Healthy lawns are not only appealing, but they also provide significant environmental benefits. A healthy lawn requires more than weekly mowing and a sprinkling of water. It needs a combination of knowledge, skill, and experience. This blog explains the four most typical lawn care mistakes and how to avoid them.
Planting grass where it won’t grow
A healthy lawn requires the presence of grass. Many homeowners try to push grass to grow where it isn’t supposed to, resulting in frustration, wasted effort, and, in some cases, wasted money. Grasses are primarily sun-loving plants with little shade tolerance. Set yourself up for success with ground covers that flourish in sun-starved places rather than futile attempts at getting grass to grow if you’re attempting to add green to a shady spot.
Too much water or too little water
Although each lawn is different, a good rule of thumb is to assume your lawn requires about an inch of water every week. If it doesn’t rain naturally, it will require some attention. If you don’t have an irrigation system, keep in mind that grasses prefer fewer frequent, deeper waterings that provide a good solid soak to their roots than more frequent shallow water.
Mowing too short
Mowing the grass too short is one of the most common mistakes homeowners make when it comes to lawn care. For many people, over-mowing is a way to save a little energy or time by cutting the grass shorter and so reducing the need to mow. However, this ill-conceived time saver actually harms your grass by leaving the root systems shallow and unable to absorb all of the nutrients it requires. Most grasses do so when they are trimmed to 21/2” to 3 inches.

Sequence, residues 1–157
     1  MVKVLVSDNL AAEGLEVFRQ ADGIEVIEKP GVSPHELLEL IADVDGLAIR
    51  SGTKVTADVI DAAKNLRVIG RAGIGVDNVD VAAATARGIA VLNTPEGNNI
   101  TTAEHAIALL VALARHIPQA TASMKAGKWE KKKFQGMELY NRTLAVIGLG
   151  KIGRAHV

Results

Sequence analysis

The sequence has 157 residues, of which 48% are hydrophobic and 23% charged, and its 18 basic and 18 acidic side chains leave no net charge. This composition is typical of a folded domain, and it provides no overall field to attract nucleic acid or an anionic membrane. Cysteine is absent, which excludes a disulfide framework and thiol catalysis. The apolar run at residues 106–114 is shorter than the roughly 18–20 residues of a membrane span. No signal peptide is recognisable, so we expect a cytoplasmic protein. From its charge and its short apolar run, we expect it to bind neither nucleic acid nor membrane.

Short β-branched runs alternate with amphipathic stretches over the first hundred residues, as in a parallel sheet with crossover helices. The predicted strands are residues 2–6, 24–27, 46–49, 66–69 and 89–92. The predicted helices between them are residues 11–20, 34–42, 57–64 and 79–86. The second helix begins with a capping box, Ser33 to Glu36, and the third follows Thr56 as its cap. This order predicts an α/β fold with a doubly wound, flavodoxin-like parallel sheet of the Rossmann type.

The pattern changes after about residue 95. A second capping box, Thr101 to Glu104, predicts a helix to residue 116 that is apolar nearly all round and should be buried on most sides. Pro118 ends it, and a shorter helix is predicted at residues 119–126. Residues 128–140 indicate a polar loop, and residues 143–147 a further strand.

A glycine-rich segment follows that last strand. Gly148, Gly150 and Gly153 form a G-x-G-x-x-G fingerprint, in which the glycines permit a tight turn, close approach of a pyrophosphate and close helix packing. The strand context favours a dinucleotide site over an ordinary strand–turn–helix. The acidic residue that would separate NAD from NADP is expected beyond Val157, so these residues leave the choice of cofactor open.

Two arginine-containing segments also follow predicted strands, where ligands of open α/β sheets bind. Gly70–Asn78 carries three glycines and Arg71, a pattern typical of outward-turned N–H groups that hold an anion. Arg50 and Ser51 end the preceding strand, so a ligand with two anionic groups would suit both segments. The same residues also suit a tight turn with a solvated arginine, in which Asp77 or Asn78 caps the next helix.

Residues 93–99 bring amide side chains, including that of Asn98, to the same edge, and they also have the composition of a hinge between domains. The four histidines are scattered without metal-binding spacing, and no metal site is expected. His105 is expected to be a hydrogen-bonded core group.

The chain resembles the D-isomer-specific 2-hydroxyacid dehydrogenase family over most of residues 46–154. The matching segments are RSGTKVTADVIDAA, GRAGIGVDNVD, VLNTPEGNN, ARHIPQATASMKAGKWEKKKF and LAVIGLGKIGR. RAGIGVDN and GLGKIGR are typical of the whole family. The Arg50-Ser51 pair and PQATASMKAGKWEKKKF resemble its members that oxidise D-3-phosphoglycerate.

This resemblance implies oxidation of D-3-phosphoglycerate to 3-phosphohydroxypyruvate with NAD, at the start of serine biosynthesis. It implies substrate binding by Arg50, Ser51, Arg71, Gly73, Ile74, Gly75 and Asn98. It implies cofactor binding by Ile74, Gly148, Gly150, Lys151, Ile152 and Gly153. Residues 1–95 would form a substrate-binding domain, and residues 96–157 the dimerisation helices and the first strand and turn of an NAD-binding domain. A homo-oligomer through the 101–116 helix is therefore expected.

Improper use of fertilizer
Fertilizer used correctly helps grass to grow thick and lush, allowing the grass to be powerful and capable of uprooting weeds. When it comes to fertilizer application, there are several common mistakes. One of the most common is using it at the wrong time of year. Most lawns require 4-6 fertilizer applications each year, with the fall application being the most critical. Fertilize when the grass is actively growing. While many people assume that having more of something is preferable to having less, this is not true when it comes to fertilizer. Too much fertilizer results in a lot of plant leaf, which prevents the roots from growing properly. Furthermore, too much fertilizer might cause the lawn to burn.
Every homeowner wishes for a healthy lawn, but getting your yard in tip-top shape is often easier said than done. It’s preferable to work with a local landscape professional to bring your ideas to life and construct your dream landscape. Contact the Turfman staff today with any turf-related questions!